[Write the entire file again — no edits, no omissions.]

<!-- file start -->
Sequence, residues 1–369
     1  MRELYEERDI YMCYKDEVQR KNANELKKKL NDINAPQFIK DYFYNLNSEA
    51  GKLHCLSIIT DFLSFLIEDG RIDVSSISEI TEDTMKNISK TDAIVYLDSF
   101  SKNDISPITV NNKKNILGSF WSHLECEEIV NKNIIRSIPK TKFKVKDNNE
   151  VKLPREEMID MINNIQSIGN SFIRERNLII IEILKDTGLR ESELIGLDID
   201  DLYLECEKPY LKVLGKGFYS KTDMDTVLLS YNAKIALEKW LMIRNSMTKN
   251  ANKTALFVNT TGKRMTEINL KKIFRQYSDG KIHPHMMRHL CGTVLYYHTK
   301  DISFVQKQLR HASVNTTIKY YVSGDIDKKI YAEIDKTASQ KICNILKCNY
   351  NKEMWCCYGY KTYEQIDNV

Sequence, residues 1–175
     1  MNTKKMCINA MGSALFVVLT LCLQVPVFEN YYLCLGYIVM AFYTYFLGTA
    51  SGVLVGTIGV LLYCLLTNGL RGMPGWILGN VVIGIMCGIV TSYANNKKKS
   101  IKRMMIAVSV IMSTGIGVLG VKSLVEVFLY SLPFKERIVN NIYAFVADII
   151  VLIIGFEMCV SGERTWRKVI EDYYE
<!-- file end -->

Sequence, residues 1–369
     1  MRELYEERDI YMCYKDEVQR KNANELKKKL NDINAPQFIK DYFYNLNSEA
    51  GKLHCLSIIT DFLSFLIEDG RIDVSSISEI TEDTMKNISK TDAIVYLDSF
   101  SKNDISPITV NNKKNILGSF WSHLECEEIV NKNIIRSIPK TKFKVKDNNE
   151  VKLPREEMID MINNIQSIGN SFIRERNLII IEILKDTGLR ESELIGLDID
   201  DLYLECEKPY LKVLGKGFYS KTDMDTVLLS YNAKIALEKW LMIRNSMTKN
   251  ANKTALFVNT TGKRMTEINL KKIFRQYSDG KIHPHMMRHL CGTVLYYHTK
   301  DISFVQKQLR HASVNTTIKY YVSGDIDKKI YAEIDKTASQ KICNILKCNY
   351  NKEMWCCYGY KTYEQIDNV

Sequence, residues 1–175
     1  MNTKKMCINA MGSALFVVLT LCLQVPVFEN YYLCLGYIVM AFYTYFLGTA
    51  SGVLVGTIGV LLYCLLTNGL RGMPGWILGN VVIGIMCGIV TSYANNKKKS
   101  IKRMMIAVSV IMSTGIGVLG VKSLVEVFLY SLPFKERIVN NIYAFVADII
   151  VLIIGFEMCV SGERTWRKVI EDYYE